Also then saw them several times in Brixton through Sandinista and Combat Rock - Straight to Hell what a song!!! Most bizarrely was The Clash busking on the steps of Leeds University Union (1984?) when they were following The Alarm around (crap band -who incidently I first saw supporting The Farmers Boys and they never should have got any higher up the bill!).
Incidently The Clash also had more than one drummer which is enough of a link to the GB's to legitimise this bit of reminiscing, besides which beats working!
hello, love your site - i've been a regular reader for a couple of years and have always found it interesting and a really useful guide to building up my collection of clash boots.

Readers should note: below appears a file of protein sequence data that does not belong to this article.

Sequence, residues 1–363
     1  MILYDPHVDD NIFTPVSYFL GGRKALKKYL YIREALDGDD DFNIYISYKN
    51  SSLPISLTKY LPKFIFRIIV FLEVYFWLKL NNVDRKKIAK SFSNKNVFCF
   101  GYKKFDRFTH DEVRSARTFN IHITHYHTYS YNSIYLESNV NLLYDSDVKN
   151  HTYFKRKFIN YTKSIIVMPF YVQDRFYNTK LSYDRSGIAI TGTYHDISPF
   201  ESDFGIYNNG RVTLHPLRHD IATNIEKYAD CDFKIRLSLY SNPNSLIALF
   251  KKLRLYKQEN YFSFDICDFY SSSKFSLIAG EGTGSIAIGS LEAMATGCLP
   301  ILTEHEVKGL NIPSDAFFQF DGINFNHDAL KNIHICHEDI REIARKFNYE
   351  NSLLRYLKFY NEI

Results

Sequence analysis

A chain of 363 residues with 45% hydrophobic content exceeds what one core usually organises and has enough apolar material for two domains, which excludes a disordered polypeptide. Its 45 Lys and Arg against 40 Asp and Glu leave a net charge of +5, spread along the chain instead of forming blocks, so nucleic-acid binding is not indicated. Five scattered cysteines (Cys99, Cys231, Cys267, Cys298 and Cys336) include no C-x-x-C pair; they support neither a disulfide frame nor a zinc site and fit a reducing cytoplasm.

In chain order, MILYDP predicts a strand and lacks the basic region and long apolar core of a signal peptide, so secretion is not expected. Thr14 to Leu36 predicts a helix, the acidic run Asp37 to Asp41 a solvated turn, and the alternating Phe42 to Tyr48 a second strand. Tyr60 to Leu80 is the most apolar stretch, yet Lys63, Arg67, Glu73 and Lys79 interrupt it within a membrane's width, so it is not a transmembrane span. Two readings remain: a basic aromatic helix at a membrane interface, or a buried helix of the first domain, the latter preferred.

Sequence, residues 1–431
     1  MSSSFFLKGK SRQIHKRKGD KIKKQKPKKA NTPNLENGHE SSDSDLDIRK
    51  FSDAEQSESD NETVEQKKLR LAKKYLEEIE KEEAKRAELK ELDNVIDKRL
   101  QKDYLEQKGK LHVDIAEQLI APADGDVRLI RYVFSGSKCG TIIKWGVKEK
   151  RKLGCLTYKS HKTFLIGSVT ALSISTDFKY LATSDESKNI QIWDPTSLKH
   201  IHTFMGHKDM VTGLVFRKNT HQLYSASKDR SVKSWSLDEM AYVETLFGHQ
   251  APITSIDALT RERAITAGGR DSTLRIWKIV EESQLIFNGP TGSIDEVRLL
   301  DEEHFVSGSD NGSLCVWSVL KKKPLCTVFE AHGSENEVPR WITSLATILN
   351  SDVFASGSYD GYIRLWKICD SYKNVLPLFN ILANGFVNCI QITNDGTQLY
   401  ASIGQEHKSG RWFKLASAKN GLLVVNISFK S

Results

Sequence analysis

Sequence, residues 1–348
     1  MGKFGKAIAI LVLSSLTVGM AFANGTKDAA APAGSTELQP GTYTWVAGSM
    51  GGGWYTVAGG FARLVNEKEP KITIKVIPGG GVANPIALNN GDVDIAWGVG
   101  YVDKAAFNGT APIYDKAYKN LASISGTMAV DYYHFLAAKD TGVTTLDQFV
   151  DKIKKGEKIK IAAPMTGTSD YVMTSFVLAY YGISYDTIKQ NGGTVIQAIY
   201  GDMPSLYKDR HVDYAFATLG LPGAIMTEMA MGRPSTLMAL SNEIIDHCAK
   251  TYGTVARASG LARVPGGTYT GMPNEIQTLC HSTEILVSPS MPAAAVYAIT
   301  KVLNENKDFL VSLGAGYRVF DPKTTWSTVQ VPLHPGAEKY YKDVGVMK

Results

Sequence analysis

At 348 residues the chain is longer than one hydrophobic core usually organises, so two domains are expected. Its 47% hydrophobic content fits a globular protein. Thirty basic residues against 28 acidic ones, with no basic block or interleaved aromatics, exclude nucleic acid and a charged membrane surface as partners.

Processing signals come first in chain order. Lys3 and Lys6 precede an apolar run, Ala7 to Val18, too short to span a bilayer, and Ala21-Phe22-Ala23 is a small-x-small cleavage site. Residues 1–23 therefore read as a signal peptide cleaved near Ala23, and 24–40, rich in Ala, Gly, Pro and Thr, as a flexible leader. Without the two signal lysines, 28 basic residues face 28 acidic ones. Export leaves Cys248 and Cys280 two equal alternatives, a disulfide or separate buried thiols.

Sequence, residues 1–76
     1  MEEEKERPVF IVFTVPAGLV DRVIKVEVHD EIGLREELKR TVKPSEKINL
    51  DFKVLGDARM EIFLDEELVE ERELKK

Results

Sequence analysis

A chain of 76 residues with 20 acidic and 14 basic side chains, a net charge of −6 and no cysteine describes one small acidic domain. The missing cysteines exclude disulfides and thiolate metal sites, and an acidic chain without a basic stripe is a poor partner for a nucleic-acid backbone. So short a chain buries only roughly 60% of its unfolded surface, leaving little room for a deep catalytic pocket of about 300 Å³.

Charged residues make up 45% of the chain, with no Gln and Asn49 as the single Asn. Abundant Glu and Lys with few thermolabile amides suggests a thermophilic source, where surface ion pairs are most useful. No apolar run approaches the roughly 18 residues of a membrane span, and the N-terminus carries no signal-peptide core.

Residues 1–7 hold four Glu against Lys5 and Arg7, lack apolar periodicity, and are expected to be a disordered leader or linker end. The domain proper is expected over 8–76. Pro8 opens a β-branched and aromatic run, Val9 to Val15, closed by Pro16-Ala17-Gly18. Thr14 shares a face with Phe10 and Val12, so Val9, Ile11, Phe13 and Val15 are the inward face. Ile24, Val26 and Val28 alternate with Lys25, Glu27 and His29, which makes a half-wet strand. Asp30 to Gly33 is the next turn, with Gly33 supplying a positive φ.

BUT! i must take issue with your comments on the lyceum 21/10/81 show - i think you're a little hard on it. i agree that joe is a bit subdued, but the tape runs slow. if you correct the pitch, the lethargic-sounding performances take a bit of a rocket up the arse and really come to life. it has that expansive, mysterious and explosive sound that the clash perfected in late-81.
the same is true of the paris 78 show - also slow, and when corrected it rivals the lyceum audience tape.
cleveland 79 runs fast, but is still ace even when slowed down a touch. keep up the great work. david williams
City Limits magazine October 1981 article ahead of Lyceum concerts (October 18-26)
Melody Maker - Page 1 only!
18th October NME gig review
NME letter of complaint over review
18th October The Times gig review
22nd October Evening Standad Lyceum review
full size photos available at www.repfoto.com
Any further info / reviews